Devout souls delight to look upon those mercies which they have obtained in answer to supplication, for they can see God’s especial love in them. When we can name our blessings Samuel, that is, “asked of God,” they will be as dear to us as her child was to Hannah. Peninnah had many children, but they came as common blessings unsought in prayer: Hannah’s one heaven-given child was dearer far, because he was the fruit of earnest pleadings. How sweet was that water to Samson which he found at “the well of him that prayed!” Quassia cups turn all waters bitter, but the cup of prayer puts a sweetness into the draughts it brings.

Did we pray for the conversion of our children? How doubly sweet, when they are saved, to see in them our own petitions fulfilled! Better to rejoice over them as the fruit of our pleadings than as the fruit of our bodies. Have we sought of the Lord some choice spiritual gift? When it comes to us it will be wrapped up in the gold cloth of God’s faithfulness and truth, and so be doubly precious. Have we petitioned for success in the Lord’s work? How joyful is the prosperity which comes flying upon the wings of prayer! It is always best to get blessings into our house in the legitimate way, by the door of prayer; then they are blessings indeed, and not temptations.

Even when prayer speeds not, the blessings grow all the richer for the delay; the child Jesus was all the more lovely in the eyes of Mary when she found Him after having sought Him sorrowing. That which we win by prayer we should dedicate to God, as Hannah dedicated Samuel. The gift came from heaven, let it go to heaven. Prayer brought it, gratitude sang over it, let devotion consecrate it. Here will be a special occasion for saying, “Of Thine own have I given unto Thee.” Reader, is prayer your element or your weariness? Which?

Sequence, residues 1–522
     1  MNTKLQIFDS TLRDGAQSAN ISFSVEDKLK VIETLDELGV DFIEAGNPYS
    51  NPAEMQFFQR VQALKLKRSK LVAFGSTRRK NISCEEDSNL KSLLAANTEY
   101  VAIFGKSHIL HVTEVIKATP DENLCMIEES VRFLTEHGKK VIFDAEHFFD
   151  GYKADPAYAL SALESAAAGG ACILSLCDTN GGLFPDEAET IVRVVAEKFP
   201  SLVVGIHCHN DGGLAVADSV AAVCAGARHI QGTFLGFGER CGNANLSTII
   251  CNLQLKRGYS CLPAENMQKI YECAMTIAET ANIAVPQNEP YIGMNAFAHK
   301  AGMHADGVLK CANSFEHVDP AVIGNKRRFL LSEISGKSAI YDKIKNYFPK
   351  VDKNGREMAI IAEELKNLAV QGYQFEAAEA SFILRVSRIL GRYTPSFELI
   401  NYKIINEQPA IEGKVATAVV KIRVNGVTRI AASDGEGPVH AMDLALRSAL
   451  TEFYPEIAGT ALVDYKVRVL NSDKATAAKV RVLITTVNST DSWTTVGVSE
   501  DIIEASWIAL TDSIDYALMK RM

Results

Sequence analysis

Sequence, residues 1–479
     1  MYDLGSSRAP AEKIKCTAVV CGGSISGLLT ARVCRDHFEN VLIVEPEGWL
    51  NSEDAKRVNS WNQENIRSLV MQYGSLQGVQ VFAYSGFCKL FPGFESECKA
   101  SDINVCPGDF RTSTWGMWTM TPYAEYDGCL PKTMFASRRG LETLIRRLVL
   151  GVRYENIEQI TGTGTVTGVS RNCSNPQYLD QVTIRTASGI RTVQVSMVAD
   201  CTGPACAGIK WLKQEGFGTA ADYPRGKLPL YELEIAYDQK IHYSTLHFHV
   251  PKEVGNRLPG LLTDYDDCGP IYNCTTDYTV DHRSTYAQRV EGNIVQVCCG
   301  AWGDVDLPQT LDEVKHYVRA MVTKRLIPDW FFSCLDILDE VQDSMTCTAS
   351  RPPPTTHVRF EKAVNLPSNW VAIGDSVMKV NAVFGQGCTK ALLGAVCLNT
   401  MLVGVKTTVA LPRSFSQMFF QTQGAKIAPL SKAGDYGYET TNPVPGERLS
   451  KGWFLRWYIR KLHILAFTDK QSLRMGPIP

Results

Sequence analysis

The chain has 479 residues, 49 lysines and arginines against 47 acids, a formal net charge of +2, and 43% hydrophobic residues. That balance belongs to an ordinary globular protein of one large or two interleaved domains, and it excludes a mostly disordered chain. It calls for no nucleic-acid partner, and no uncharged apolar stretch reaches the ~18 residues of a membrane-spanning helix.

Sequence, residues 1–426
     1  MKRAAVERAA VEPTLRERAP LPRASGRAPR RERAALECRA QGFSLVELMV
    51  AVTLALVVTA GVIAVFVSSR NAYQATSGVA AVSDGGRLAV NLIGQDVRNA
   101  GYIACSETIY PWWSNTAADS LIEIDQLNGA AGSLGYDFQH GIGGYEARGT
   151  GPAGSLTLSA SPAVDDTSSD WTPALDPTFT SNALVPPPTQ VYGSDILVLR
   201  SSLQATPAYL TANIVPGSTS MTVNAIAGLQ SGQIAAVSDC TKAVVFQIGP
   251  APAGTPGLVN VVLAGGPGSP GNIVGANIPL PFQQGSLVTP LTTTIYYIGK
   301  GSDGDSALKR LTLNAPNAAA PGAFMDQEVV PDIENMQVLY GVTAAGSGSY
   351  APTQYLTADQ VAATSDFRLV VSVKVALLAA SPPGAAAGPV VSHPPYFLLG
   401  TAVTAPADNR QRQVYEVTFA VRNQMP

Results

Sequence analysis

The liberty wherewith Christ hath made us free

“The liberty wherewith Christ hath made us free.” Galatians 5:1

This “liberty” makes us free to heaven’s charter—the Bible. Here is a choice passage, believer, “When thou passest through the rivers, I will be with thee.” You are free to that. Here is another: “The mountains shall depart, and the hills be removed, but my kindness shall not depart from thee”; you are free to that. You are a welcome guest at the table of the promises. Scripture is a never-failing treasury filled with boundless stores of grace.

It is the bank of heaven; you may draw from it as much as you please, without let or hindrance. Come in faith and you are welcome to all covenant blessings. There is not a promise in the Word which shall be withheld. In the depths of tribulations let this freedom comfort you; amidst waves of distress let it cheer you; when sorrows surround thee let it be thy solace. This is thy Father’s love-token; thou art free to it at all times. Thou art also free to the throne of grace. It is the believer’s privilege to have access at all times to His heavenly Father. Whatever our desires, our difficulties, our wants, we are at liberty to spread all before Him. It matters not how much we may have sinned, we may ask and expect pardon.

It signifies nothing how poor we are, we may plead His promise that He will provide all things needful. We have permission to approach His throne at all times—in midnight’s darkest hour, or in noontide’s most burning heat. Exercise thy right, O believer, and live up to thy privilege. Thou art free to all that is treasured up in Christ—wisdom, righteousness, sanctification, and redemption. It matters not what thy need is, for there is fulness of supply in Christ, and it is there for thee. O what a “freedom” is thine! freedom from condemnation, freedom to the promises, freedom to the throne of grace, and at last freedom to enter heaven!